There is no board on this company, its owned by one person who rules; there needs to be a balanced board of directors to lead the company and provide checks and balances on decisions. When one person has the total say so, its a dictatorship, just saying.

    Doesn't Recommend
    Neutral Outlook
    Disapproves of CEO
  11. 3 people found this helpful  

    Stable, growing company with an outdated technology stack

    • Comp & Benefits
    • Work/Life Balance
    • Senior Management
    • Culture & Values
    • Career Opportunities
    Former Employee - Developer in Chicago, IL
    Former Employee - Developer in Chicago, IL

    I worked at kCura full-time (more than an year)

    Pros

    The people, the compensation, and (some) of the perks.
    Almost to a fault, the people at KCura are nice, approachable, and generally fun to be around.
    Overall compensation, at least on the engineering side of things, seemed to be inline with larger developer market.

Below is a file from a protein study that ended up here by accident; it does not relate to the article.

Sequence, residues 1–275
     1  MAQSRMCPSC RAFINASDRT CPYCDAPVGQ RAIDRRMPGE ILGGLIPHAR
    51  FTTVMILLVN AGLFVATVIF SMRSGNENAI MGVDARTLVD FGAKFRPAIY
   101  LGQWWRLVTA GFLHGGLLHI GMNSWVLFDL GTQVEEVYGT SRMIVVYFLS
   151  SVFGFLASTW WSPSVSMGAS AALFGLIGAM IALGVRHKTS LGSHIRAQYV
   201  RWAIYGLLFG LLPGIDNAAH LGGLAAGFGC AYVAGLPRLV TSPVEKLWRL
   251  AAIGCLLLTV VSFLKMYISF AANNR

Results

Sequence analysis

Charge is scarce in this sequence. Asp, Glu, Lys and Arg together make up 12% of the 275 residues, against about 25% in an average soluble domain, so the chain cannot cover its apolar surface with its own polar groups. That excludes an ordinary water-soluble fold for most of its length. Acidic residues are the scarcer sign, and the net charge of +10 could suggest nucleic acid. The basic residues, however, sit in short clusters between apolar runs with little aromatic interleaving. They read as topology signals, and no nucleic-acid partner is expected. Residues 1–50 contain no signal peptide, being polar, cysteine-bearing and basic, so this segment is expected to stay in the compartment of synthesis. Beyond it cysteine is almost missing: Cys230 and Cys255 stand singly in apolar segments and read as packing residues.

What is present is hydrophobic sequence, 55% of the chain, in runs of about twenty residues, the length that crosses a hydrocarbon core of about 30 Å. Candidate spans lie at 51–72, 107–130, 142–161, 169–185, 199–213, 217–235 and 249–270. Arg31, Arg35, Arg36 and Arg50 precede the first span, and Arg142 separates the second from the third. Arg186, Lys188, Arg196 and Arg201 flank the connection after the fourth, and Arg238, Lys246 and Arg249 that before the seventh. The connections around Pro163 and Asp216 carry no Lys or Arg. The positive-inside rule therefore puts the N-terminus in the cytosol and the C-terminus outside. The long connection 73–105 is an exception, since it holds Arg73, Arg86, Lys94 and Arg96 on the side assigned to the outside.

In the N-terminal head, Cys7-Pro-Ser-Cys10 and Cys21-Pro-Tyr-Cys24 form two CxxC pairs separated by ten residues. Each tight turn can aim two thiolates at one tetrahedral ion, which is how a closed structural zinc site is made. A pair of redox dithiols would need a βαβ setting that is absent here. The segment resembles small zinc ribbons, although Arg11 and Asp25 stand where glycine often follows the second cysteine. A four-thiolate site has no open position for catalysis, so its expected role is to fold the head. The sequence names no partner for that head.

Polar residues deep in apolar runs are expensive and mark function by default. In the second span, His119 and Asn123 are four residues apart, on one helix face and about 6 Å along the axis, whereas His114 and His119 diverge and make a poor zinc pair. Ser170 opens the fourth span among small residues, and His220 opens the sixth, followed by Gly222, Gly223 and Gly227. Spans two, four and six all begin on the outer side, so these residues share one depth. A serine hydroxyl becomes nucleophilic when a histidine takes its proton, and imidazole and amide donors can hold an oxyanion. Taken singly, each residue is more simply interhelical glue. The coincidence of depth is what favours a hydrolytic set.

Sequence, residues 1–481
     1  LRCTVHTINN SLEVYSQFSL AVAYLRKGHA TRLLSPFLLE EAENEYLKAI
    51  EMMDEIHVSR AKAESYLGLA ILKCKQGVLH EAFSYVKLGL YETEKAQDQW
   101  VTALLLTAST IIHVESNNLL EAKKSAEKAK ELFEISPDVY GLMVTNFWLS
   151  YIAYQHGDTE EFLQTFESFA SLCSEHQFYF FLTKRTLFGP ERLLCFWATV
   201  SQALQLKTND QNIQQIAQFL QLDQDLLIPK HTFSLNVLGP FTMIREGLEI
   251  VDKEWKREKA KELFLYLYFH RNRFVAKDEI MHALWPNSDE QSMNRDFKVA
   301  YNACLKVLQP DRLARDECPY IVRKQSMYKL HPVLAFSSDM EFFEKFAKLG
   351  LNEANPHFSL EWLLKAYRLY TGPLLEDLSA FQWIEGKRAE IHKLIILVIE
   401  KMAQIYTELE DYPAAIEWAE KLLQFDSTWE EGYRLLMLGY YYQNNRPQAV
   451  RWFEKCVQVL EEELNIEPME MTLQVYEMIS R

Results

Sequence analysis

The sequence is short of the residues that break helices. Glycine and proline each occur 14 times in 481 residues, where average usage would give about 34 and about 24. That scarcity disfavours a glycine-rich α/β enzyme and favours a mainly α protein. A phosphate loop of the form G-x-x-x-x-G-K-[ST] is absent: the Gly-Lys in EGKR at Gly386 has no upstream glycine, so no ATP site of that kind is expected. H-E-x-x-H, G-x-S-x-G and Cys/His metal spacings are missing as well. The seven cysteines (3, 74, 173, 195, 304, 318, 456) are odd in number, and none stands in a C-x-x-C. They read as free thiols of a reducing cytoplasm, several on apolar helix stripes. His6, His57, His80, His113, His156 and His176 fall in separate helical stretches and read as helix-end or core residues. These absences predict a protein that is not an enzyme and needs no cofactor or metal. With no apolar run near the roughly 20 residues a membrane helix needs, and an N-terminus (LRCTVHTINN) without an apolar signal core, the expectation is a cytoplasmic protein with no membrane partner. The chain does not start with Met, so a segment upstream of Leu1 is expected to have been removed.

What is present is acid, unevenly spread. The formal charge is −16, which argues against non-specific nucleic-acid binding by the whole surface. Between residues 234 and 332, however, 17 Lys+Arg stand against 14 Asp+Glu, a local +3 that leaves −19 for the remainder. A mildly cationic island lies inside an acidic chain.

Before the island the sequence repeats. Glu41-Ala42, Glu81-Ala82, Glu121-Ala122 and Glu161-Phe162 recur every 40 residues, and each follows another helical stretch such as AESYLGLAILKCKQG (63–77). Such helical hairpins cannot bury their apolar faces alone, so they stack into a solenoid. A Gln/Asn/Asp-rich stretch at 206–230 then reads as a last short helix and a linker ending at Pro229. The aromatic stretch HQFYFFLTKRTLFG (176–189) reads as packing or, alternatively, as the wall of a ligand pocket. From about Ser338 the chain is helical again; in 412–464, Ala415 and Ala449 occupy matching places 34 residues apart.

Cons

    The culture here is very cliquey, and it's pretty obvious off the bat if you fit in....or you don't. Also, there is an almost zealous focus on desk time and mandatory 9 hour work days...even if there's downtime. Forget about workplace flexibility. If you like the latest and greatest technology, this is not the place for you - the code base is old(VB? Really?), and there are redundant, frustrating, layers of process throughout. Plan on a lengthy, sometimes stressful, on-boarding process in the neighborhood of 2 months, before you see any actual code.

    Advice to ManagementAdvice

    Eliminate the middle management layer, or give them something legitimate to focus on. If you are going to buy into agile, go whole hog: 'agile-like' is painful for everyone. Also, workplace flexibility is a big deal and starts from the top down: it's sorely lacking and needs to be fixed.

    Doesn't Recommend
    Neutral Outlook
    Approves of CEO